Hooked on Bluegrass

Topher Gayle

My mom started me out on piano, when I was a little kid. I didn't like practicing, but I loved to sit at the piano and make up tunes, or take tunes I knew and alter them somehow (changing modes, usually, though I didn't know that I was what I was doing, back then). She also had us kids sing in the church choir, which was fun, because it was much easier to screw around there than when sitting next to mom. After a while I started getting my piano lessons from the church organist. And then I kinda got tired of it for a few years. But those early experiences gave me a sense of music and especially harmony that has served as a good foundation ever since. We also had a couple ukuleles that my brother and I would play El Kabong with, and sometimes strum. The plastic Arthur Godfrey uke didn't survive, but the old wooden is still in my Armada of Music.

In high school, my pals were playing music on guitars and writing funny songs. And some of them had girlfriends. So I joined in. They showed me a chord or two, I got a guitar, and soon we were playing things that resembled Green Onions, and Sunshine of My Love. We were listening to the Beatles, BB King, Tom Lehrer, Taj Mahal, J. S. Bach, and Monty Python. Meanwhile, I was also singing madrigals and glee-club music, and studying classical music composition. So my tastes very quickly became (and remain) broad. But as yet, there was no bluegrass in the mix.

During a year off between high school and college, I started exploring other instruments. I was given a ukulele banjo, which I retuned like a low-pitched mandolin (as it still is, in my Armada). I borrowed my sister's flute and tried to learn it. A friend and I played folk songs, thinking the girls would flock to us. That aspect was a terrible failure, just as it had been in high school. But the playing was fun.

Then I went to Boston University to continue my studies of music composition. I kept playing home-made funny songs with my friends, and jamming blues and rock and roll. I didn't finish the music degree, and transferred to engineering. But kept playing music.

I got a job at AT&T in 1985, and after a few years, found some folks who met at lunch to play music. They were playing contra-dance tunes - old-time and Irish fiddle tunes. A couple of folks from this group splintered off to play bluegrass. At about the same time, I first heard David Grisman and The Austin Lounge Lizards and I thought - "Hey this is pretty cool." So we started playing this kind of thing. I started teaching myself to play mandolin. When I started poking around related musics, I found that the more mainstream bluegrass music was more familiar to me that I had anticipated. Of course, I had heard The Beverly Hillbillies and Rocky Top on the radio when I was a kid, but I also found that some of the common bluegrass fiddle tunes were tunes my mom's generation had sung when we were small - tunes like Arkansas Traveler, and Turkey in the Straw, and Red Wing. Some of the contra-dance tunes also crossed over - Whiskey Before Breakfast, Soldier's Joy, and others. About that time I was also re-introduced to a mandolinist who I'd heard when I was a kid as half of Homer and Jethro. Only now I found he was a heck of a great mandolin player!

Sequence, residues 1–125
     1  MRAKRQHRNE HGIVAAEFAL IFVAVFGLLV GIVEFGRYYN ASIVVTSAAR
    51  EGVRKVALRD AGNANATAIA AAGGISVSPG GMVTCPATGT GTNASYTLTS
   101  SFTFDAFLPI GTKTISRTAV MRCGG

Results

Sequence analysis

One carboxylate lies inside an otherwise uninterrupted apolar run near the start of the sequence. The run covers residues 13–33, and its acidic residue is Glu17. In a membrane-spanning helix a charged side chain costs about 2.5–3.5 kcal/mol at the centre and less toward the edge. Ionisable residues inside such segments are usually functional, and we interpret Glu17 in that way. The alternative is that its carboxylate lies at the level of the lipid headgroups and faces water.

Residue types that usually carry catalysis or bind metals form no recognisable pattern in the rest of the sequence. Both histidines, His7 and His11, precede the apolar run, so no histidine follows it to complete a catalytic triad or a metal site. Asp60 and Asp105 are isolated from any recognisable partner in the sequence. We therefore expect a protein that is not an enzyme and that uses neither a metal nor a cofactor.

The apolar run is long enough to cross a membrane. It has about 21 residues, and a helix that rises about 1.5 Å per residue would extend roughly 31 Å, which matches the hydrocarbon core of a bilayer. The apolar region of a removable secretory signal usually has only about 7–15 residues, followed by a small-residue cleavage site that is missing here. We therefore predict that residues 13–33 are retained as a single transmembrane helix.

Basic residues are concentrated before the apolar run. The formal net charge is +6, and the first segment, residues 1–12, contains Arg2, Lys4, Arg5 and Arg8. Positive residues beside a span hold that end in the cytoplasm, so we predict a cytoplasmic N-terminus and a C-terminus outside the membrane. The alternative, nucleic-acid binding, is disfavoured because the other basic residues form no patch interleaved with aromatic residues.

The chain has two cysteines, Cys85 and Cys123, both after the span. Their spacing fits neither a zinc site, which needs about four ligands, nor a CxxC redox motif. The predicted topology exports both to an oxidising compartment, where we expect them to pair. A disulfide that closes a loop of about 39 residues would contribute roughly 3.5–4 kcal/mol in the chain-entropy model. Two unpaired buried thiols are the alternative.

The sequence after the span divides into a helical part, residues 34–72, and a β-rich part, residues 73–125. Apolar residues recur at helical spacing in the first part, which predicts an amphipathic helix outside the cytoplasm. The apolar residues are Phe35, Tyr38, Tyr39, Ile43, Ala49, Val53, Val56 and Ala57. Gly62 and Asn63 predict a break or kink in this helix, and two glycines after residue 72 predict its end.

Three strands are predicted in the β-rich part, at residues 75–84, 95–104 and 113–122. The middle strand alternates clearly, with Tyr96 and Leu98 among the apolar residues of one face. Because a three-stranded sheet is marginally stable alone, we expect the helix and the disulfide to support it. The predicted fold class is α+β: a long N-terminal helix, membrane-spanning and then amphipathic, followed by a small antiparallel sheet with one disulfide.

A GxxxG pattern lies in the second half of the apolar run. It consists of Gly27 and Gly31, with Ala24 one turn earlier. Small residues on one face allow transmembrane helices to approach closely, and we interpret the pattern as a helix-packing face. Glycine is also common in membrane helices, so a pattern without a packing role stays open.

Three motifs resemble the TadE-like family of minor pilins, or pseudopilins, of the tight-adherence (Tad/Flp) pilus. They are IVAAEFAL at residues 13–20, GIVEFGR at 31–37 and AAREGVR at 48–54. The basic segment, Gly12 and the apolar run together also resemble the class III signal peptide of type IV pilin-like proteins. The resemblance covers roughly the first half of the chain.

So here I was, playing all kinds of music on guitar and mandolin, and just having a ball. In 1997 my wife and I moved to California and a day or two later I met folks who were gathering weekly to play bluegrass. They had met at a Jack Tuttle Bluegrass Jam Class at Gryphon Music. I learned lots more tunes from them. A year later, this jam group spun off my first West Coast band, Briarwood. And my list of bands has expanded ever since... and the Armada has continued to grow as well.

The music scene here in the Bay Area - not just bluegrass, but particularly bluegrass - has been exceptional and I am very glad to be part of it! Now my wife is playing bluegrass fiddle and we are jamming together with friends and having more fun than ever.

(posted 2/18/2008)

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